This is a highly comprehensive introduction to the Talmud, the age-old storehouse of Jewish wisdom. Bokser covers the long history of the Talmud, from its origin in the Babylonian exile, its growth through the five centuries after the Roman destruction of the Temple, and the later persecution of the Talmud. The book covers a number of high-level topics, including social ethics and personal morality, with numerous examples from the Talmud. Ben Zion Bokser was one of the major Conservative rabbis of America. He stressed the Rabbinic sages and the Talmud as the source of Judaism. "This is not an uncommon impression and one finds it sometimes among Jews as well as Christians - that Judaism is the religion of the Hebrew Bible. It is, of course, a fallacious impression. Judaism is not the religion of the Bible." Bokser affirms revelation, but revelation is always framed in humans by man. "Man receives a divine communication when the divine spirit rests on him, but man must give form to that communication."
©1951 Philosophical Library (P)2013 Audible, Inc.
There's not much of a story and the narration is so swift that it would be hard to follow even if there was. Seems like this was edited to be obscure and usable as Cliff Notes and only to those already intimately familiar with the subject. It could have been made better by the narrator taking a breath and using more inflection to decompress the dense material being covered. In short, it was a disappointment.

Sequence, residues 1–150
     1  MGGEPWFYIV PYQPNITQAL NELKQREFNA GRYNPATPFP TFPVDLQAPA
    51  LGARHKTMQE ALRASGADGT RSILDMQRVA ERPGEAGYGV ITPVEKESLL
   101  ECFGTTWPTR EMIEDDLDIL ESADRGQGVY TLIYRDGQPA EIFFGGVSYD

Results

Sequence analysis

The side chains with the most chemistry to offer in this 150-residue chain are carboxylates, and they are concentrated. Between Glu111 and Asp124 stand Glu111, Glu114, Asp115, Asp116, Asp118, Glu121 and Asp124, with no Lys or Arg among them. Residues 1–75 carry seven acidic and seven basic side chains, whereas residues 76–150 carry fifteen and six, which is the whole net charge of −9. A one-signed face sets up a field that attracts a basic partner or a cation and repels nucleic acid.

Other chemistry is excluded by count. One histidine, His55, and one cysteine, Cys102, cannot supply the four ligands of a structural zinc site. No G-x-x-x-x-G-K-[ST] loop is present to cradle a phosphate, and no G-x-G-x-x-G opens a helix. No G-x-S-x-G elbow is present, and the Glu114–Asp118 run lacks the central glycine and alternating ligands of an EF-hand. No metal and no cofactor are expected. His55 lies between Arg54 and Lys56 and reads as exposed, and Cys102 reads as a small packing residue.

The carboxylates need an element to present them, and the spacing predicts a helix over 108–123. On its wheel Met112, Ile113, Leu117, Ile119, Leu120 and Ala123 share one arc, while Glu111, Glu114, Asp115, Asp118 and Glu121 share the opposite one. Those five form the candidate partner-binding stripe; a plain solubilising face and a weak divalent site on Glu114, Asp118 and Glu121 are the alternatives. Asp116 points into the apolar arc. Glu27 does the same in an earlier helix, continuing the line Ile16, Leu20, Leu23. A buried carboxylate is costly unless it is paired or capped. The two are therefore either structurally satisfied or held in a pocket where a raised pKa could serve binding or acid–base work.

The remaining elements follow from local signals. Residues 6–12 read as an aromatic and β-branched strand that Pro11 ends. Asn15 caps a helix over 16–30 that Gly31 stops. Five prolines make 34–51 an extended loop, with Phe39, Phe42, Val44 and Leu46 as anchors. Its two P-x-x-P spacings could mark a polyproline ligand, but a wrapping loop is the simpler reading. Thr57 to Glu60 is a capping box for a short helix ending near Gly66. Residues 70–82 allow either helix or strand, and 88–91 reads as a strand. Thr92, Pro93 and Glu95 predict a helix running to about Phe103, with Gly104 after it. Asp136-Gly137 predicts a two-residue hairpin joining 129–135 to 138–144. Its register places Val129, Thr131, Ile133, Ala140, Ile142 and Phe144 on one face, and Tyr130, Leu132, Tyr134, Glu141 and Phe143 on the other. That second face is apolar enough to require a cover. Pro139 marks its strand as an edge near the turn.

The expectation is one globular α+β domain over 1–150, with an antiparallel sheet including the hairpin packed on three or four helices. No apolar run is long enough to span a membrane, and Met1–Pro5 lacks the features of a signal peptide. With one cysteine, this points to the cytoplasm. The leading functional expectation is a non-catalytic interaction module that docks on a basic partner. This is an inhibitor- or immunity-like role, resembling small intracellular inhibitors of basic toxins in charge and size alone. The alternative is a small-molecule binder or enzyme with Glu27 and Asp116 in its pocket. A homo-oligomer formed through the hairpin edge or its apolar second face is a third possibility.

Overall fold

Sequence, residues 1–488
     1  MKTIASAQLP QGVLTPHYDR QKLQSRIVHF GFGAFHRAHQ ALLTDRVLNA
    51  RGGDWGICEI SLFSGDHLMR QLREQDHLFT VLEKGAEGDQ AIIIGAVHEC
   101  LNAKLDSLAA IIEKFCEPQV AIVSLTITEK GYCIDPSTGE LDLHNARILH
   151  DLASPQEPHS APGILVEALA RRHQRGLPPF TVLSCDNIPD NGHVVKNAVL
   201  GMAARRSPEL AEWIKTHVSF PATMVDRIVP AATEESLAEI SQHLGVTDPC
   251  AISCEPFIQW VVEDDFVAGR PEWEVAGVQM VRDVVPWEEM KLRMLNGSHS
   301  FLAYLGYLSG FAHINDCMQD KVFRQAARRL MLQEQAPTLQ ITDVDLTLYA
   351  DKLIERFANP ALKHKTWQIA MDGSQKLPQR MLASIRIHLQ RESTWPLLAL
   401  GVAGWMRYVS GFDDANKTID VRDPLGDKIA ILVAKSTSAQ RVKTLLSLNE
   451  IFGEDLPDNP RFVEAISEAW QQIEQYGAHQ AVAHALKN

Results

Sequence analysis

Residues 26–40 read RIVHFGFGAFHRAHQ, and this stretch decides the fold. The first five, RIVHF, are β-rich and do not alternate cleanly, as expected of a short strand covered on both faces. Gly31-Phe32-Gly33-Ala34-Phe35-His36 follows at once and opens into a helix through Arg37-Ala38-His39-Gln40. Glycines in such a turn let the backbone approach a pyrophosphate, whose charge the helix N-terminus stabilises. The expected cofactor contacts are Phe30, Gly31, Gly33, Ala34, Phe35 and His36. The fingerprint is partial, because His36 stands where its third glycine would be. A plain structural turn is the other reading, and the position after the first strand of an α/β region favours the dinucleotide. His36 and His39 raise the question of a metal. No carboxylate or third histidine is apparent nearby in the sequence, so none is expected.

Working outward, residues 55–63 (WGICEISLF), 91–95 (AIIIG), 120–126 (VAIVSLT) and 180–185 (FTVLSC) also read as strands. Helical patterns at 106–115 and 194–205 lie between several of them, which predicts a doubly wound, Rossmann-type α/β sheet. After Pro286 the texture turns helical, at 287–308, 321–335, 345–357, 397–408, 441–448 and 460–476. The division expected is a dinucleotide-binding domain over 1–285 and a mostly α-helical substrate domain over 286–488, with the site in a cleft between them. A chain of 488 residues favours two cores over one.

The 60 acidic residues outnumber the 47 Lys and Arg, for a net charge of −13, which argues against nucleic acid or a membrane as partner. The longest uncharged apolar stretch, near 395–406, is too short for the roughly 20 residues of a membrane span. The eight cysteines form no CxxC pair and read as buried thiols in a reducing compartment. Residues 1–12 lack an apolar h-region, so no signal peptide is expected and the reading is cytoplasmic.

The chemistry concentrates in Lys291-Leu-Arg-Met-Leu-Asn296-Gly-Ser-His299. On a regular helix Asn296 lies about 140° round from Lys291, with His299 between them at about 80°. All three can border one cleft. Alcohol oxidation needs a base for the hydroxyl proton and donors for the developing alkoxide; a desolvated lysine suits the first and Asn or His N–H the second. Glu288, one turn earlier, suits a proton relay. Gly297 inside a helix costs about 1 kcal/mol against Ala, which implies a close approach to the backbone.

I am not Jewish. However, my scholarly interests mix so often with Jewish history that some closer, focused look at it was inevitable. As a first introduction to some of the history and background, this work is satisfactory. However, I just bought an actual volume of Talmud and it is a large and complex work, not thoroughly described or demonstrated in this audio. As a legal scholar, I can now see what people are referring to with their common aphorisms about the detail of Talmudic scholarship. I guess all this indicates I am growing more scholarly, and I'm seldom satisfied with a "lite" version of anything anymore. That is not the author's fault here; I think, given the length and scope of this presentation, the author did fine work. But anyone with a serious curiosity about the Talmud might quickly survey this and move on.
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